Lyra- "let me video you so you can see what you're doing with your legs"
Me- "ok". In the meantime I get stuck, try to tell myself to "go". Then I'm, in my head, telling myself to watch how I hold my hands. Then its time for loosening the shoulders. Or jazz hands if you will.
Me- aww sh*t. You're still filming🙈.
Man we laughed! And if you can't laugh at yourself, I dont actually know the rest of the saying.😐
🎥cred goes to the sneaky @lyrabugyi, hehe😘
Featured in this sweet video, is the @exrenderathletics red Focus tank! One of my fav tanks to workout in! I think red has become one of my fav colors too! These come in black, white, navy, and this red! Addie20 for 20% off at checkout!
BIG BIG LOVE TO THE AMAZING "KAT AKA THE LAUGHING BUDDHA😇... Thank you for all the laughter, and fun during your Wonderful Wedneday sessions.😀
Whether it was calling the "clean and jerk"
Jazz hands or getting the technical aspects of the deadlift by following the technique of "legally blond" bend and snap! 😂Those were some of many memories I will cherish😊.... Wednesday will never be the same again, thanks again for the memories. 🤗
Yes Kat completed her goal of 10 chin ups on her last session;) with a lil one handed motivation from yours truly 😎and always hated her end of session assisted stretch😣. Lol bare witness her terrified stretch face at the end of the vid😅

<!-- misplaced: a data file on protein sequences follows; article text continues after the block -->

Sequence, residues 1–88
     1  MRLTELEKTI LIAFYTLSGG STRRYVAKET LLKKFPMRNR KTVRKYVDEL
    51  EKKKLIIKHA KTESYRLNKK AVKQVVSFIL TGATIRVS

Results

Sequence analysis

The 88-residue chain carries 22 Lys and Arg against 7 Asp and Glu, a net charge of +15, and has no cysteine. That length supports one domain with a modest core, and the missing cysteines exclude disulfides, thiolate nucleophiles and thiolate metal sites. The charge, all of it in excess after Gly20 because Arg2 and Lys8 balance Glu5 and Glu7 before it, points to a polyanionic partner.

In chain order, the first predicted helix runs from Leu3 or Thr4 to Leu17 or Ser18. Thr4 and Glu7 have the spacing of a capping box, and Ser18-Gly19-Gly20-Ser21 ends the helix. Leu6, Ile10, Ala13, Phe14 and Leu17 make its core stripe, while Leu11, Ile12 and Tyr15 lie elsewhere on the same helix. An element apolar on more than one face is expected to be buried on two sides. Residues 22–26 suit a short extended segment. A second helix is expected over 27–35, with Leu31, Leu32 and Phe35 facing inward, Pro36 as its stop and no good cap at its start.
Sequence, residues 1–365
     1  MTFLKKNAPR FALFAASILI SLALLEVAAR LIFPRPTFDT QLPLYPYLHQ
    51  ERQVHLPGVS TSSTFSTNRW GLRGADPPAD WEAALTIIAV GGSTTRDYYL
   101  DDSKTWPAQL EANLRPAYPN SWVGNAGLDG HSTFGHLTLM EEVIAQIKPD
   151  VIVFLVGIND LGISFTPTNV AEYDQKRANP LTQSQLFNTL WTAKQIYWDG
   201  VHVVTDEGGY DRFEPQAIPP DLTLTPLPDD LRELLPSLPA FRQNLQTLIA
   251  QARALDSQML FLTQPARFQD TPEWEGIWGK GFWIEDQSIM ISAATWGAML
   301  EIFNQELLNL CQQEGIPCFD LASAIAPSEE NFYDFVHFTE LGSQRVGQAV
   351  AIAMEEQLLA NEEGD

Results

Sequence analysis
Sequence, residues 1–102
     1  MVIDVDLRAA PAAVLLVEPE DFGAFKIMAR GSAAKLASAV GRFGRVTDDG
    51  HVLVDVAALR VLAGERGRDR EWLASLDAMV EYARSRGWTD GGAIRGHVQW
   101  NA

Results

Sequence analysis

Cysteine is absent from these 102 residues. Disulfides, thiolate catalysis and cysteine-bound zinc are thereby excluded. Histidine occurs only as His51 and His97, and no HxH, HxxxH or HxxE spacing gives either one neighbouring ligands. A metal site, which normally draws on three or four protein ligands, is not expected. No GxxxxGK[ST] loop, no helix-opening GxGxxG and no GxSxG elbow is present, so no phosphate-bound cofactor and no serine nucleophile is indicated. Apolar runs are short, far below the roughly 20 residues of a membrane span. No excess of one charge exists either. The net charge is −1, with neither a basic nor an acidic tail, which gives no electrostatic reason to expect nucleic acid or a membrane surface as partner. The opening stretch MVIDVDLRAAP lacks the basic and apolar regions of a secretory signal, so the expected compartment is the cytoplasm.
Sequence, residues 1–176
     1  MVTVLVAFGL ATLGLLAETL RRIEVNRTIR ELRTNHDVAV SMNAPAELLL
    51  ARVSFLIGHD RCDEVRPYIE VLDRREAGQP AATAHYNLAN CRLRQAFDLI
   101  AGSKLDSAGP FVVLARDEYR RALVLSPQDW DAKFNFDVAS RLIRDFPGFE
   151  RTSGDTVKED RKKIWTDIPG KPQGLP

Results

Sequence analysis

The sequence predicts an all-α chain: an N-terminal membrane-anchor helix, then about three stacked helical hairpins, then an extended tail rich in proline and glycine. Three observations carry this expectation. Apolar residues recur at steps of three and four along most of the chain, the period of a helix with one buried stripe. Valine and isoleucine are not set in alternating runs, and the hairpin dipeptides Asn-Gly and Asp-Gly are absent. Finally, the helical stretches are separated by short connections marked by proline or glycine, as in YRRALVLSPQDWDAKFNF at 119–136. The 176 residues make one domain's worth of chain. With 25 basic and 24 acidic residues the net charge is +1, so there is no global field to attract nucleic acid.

Good luck and enjoy the Pure Shores of Australia from you friend and PT Yaw xxx 😘
Kat is, we are YEMANJA FIT FOR LIFE X
At the age of fifteen, Stuart Davis began his formal training with Ashcan School figurehead Robert Henri, an old friend of his parents. Early in his career Davis produced work primarily in the style of the Ashcan School and, in 1913, exhibited five watercolors in New York City at the Armory Show. The show was significant to Davis not as an exhibition venue for his work, but rather as exposure to the latest currents in European art. The experience shifted Davis’ work to a thoroughly Modern direction. Soon, Davis was channeling his adopted Modernist aesthetic into abstract compositions inspired by his passionate love for jazz and his deep political activism. Throughout his lifetime Davis created consciously; he believed in the power of art to effect social and political change, and is remembered today for never wavering from this ideal.
Stuart Davis, Untitled (Black and White Variation on "Pochade"), about 1956-58, Casein on canvas, 45 x 56 in.
Throwback Thursday takes us all the way back to 2011, to a Salon of note on a wintry pre-Christmas night in Shoreditch. The brilliant @sj_watson joined us and we just couldn't help but make jazz hands!